What are custom foot orthotics and how can they work for me?

The term custom foot orthotics refers to custom shaped and molded inlays that are created from negative model or digital casts.  The end results are an accommodative orthotic that can relieve discomfort and even offload problem areas.  Custom orthotics can be used to treat a variety of conditions and should always be prescribed by your physician and provided by a certified practitioner.


How will my finished prosthesis look as compared to my existing limb?


A prosthesis, depending on the level and site of the amputation, can be expected to resemble the basic shape and skin tone of the sound side.  Sometimes the amputation can affect the shape of the cosmetic covering, casing the prosthesis to appear larger or misshapen.  We strive to match skin tones and texture through custom protective coverings and artistic renditions of the sound limb.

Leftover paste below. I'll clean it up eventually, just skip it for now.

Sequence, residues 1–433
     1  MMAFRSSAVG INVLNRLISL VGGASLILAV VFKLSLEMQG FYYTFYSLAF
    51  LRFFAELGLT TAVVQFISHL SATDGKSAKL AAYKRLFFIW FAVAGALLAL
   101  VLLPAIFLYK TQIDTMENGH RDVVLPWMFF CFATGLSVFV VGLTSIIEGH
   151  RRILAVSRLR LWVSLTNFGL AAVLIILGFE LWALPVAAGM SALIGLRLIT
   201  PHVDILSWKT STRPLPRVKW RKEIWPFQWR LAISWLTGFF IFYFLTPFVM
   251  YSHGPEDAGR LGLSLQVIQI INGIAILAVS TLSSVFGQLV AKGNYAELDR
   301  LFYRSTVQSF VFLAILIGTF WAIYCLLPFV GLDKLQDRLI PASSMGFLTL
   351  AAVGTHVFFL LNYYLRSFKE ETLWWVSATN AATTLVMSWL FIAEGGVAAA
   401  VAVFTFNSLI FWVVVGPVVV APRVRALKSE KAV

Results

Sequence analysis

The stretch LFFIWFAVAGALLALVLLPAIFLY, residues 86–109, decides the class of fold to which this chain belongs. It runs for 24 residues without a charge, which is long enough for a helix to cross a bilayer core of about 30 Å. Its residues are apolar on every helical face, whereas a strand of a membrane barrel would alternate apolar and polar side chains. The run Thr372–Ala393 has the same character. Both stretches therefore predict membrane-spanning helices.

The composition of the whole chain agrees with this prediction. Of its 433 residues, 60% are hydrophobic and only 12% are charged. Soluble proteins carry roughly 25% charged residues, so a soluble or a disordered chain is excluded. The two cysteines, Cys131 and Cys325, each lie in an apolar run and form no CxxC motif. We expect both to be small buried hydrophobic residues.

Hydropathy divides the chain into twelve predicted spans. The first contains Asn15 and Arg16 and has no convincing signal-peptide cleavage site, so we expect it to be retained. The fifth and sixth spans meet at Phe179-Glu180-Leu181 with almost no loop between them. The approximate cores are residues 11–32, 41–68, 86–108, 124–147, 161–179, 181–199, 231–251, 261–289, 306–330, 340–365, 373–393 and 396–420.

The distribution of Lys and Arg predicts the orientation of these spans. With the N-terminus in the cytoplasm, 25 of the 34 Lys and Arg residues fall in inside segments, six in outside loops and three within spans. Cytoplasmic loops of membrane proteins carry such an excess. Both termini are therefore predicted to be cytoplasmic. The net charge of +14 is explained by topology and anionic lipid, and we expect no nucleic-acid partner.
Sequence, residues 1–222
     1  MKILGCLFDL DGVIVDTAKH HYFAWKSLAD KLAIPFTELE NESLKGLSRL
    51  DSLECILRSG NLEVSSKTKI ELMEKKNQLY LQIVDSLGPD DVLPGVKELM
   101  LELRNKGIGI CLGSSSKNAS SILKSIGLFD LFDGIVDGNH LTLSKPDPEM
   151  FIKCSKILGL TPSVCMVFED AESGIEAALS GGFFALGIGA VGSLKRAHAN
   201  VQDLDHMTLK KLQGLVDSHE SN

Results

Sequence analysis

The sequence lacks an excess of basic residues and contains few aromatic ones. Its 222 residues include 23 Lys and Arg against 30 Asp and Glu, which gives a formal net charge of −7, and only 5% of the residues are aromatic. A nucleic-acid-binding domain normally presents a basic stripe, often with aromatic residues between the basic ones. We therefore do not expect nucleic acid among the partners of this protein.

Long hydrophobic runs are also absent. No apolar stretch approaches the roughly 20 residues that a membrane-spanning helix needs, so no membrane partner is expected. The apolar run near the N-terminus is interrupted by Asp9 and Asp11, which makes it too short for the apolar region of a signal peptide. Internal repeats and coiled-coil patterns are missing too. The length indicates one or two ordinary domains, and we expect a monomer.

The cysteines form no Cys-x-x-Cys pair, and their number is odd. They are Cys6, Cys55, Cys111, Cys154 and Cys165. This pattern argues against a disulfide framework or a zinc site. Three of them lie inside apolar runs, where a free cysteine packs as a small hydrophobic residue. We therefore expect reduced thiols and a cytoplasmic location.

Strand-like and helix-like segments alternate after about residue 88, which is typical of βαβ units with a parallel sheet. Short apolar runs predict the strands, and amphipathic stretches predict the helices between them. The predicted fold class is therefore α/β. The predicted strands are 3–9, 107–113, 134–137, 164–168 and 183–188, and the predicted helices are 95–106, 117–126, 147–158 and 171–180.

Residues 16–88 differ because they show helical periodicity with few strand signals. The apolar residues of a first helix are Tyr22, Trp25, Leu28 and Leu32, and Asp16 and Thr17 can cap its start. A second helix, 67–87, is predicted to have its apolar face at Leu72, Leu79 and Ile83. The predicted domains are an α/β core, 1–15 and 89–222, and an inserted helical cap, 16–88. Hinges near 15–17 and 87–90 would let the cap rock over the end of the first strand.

What is foot drop and how is it treated?

Footdrop is an abnormal condition where an individual is unable to dorsiflex the foot.  In other words, while walking, the front of the foot drags the grounds.  There can be many causes of footdrop such as stroke, trauma, and various neuromuscular diseases.  Treatment for footdrop should be determined by an individual’s physician.  There are several types of orthotic devices that can be utilized to control the situation.


How can I reduce the risk of amputation?

You can practice good foot hygiene and care.  Smoking and other factors can affect the body and decrease valuable circulation required to maintain healthy limbs.  It is important to practice proper safety habits around machinery.  If you have been diagnosis with diabetes, it is very important to check your feet on a daily basis and report any changes to your  physician immediately.  A proper diet and exercise regiment  prescribed by your physician is recommended.  Diabetic shoes and custom insoles are sometimes prescribed by your physician also as a preventative measure.